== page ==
Paying for College With the Military GI Bill

The Post 9/11 GI Bill is an excellent source of financial support for veterans to further their education. The bill also covers housing in addition to tuition expenses. Veterans are eligible to receive benefits under the Post 9/11 GI Bill if they have at least 90 days of aggregate service after September 10, 2001, or those who were discharged with a disability related to their military service after 30 days. The discharge must have been honorable in order for the individual to be eligible for benefits. Eligible individuals can apply benefits to cover:

  • Graduate and undergraduate degrees
  • Vocational and technical training
  • On-the-job training
  • Flight training
  • Correspondence training
  • Licensing and national testing programs
  • Entrepreneurship training
  • Tutorial assistance


Taking effect August 1, 2009, the Post 9/11 GI Bill will pay full tuition and fees directly to the schools attended by eligible individuals. The school must be a qualifying public, in-state school. The bill also can help defer the tuition and fees for private or foreign schools. In those cases, benefits cover up to $18,077.50 for the 2012 academic year. Note that eligible individuals attending a private school in the following states may be eligible for a higher reimbursement rate:

  • Arizona
  • Michigan
  • New Hampshire
  • New York
  • Pennsylvania
  • South Carolina
  • Texas


The Yellow Ribbon Program

The Yellow Ribbon Program helps reimburse the difference in benefits coverage for eligible individuals who choose to attend more expensive private schools or a public school as an out-of-state student. Not all people eligible for the Post 9/11 GI Bill will also qualify for the Yellow Ribbon Program, but those who do can reduce their tuition and fees further.


Monthly Housing Allowance

The Post 9/11 GI Bill also provides a monthly housing allowance (MHA) for eligible individuals attending school more than half time. The MHA covers:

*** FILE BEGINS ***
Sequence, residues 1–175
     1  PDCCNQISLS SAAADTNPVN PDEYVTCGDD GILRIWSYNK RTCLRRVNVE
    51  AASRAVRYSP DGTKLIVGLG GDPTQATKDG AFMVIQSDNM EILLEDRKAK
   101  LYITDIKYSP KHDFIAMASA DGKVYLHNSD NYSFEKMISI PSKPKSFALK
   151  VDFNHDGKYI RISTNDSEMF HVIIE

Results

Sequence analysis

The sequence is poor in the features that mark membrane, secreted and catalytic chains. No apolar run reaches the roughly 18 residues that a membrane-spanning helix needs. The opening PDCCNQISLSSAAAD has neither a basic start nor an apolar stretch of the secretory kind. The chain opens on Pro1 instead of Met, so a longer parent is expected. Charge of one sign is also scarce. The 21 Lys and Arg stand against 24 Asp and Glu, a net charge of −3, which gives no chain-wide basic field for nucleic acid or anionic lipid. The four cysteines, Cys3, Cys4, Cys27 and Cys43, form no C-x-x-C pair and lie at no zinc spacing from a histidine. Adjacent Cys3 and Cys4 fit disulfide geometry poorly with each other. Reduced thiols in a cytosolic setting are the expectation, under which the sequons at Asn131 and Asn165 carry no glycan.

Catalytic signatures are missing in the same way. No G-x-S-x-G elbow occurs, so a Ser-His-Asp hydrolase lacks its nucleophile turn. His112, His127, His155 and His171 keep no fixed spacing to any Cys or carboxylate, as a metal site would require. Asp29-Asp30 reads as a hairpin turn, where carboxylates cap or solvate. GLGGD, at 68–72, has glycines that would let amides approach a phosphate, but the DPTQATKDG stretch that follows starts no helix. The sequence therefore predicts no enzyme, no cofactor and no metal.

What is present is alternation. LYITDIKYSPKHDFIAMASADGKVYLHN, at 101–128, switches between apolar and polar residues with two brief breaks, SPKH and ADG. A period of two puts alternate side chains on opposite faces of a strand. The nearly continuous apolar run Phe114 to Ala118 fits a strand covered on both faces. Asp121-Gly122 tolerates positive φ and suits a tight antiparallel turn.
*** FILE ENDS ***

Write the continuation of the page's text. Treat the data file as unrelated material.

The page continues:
• The Basic Allowance for Housing (BHA) for an E-5 with dependents at the school location
  • An amount equal to half the national average BAH for an E-5 (with dependents) enrolled only in distance learning (this equals $684.00 per month for the 2012 academic year)
  • $1,368.00 per month for the 2012 academic year for those attending foreign schools that do not have a main campus in the U.S.


Note that active duty students and their spouses cannot receive MHA benefits at this time.


Other Benefits

The Post 9/11 GI Bill also offers eligible individuals an annual stipend of up to $1,000 to cover books and supplies (the amount received is based on enrollment) as well as a one-time rural benefit payment for those who qualify. Some service members may be able to transfer their GI Bill benefits to their dependents.


For More Information

For more information about the Post 9/11 GI Bill, please refer to the official website at All information in this article is sourced directly from this official site. CollegeEducation411 wants you to have the most accurate information as possible about the GI Bill and your benefits under the bill, so please be sure to refer directly to the official site for the most authoritative and up-to-date information.

This blog entry was originally posted on's sister site, CollegeEducation411, on this page.

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The discharge must have been

The discharge must have been honorable in order for the individual to be eligible for benefits.

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Conversion to 9/11 After Exhaustion?

As of November 2015 is ability to convert MGIB to Post 9/11 after exhaustion still accurate? Referring to the Rule of 48. The reason I ask is that a VA adviser at my last school mentioned in the spring that changes to prevent such conversion after exhaustion was "in the works"... And I now have two months MGIB remaining, but need another semester to finish my degree. Any advice would be helpful, thanks.